The Barna Group recently released research that reveals how attitudes about Bible usage are changing across generations. They interviewed over 1,000 people in five separate studies. They defined each generation in the study: the Mosaic generation (ages 18 to 25), the Busters (ages 26 to 44), Boomers (ages 45 to 63), and Elders (ages 64-plus).
You can read the full report here, but below are some of the differences they found between generations:
Less Sacred – While most Americans of all ages identify the Bible as sacred, the drop-off among the youngest adults is striking: 9 out of 10 Boomers and Elders described the Bible as sacred, which compares to 8 out of 10 Busters (81%) and just 2 out of 3 Mosaics (67%).
Less Accurate – Young adults are significantly less likely than older adults to strongly agree that the Bible is totally accurate in all of the principles it teaches. Just 30% of Mosaics and 39% of Busters firmly embraced this view, compared with 46% of Boomers and 58% of Elders.
More Universalism – Among Mosaics, a majority (56%) believes the Bible teaches the same spiritual truths as other sacred texts, which compares with 4 out of 10 Busters and Boomers, and one-third of Elders.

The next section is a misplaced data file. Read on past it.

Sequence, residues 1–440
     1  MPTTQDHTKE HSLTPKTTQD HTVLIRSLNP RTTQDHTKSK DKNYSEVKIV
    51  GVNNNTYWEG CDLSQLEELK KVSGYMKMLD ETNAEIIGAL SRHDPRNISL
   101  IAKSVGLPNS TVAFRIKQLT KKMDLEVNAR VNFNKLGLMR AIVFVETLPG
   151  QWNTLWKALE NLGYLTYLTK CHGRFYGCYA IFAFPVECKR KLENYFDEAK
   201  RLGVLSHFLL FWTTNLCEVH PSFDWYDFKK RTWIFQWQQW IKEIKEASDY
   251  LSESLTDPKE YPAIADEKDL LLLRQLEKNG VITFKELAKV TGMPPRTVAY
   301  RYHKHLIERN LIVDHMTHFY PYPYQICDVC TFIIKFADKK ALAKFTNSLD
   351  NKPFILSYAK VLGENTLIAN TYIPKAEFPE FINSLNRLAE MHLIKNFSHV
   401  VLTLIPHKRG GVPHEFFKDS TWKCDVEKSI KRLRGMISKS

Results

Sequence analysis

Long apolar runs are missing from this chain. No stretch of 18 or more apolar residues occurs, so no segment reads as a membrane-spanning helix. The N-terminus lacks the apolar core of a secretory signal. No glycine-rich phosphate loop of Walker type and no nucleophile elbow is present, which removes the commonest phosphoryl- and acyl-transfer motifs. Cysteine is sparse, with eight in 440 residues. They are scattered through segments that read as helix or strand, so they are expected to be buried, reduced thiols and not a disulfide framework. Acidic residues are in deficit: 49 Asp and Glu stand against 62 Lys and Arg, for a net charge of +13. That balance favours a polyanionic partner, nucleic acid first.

Skepticism of Origins – Another generational difference is that young adults are more likely to express skepticism about the original manuscripts of the Bible than is true of older adults.
Less Engagement – While many young adults are active users of the Bible, the pattern shows a clear generational drop-off – the younger the person, the less likely they are to read the Bible. In particular, Busters and Mosaics are less likely than average to have spent time alone in the last week praying and reading the Bible for at least 15 minutes. Interestingly, none of the four generations were particularly likely to say they aspired to read the Bible more as a means of improving their spiritual lives.
Bible Appetite – Despite the generational decline in many Bible metrics, one departure from the typical pattern is the fact that younger adults, especially Mosaics (19%), express a slightly above-average interest in gaining additional Bible knowledge. This compares with 12% of Boomers and 9% of Elders.
So, younger generations have a greater hunger for Bible knowledge than older generations, yet they are more skeptical, read it less, and consider it less accurate. While this research is certainly discouraging on the surface, it reveals a deeper opportunity as well. If you feed the hunger for Bible knowledge through biblical depth in all areas of ministry, then perhaps you’ll see the fruit of less skepticism and a higher view of Scripture.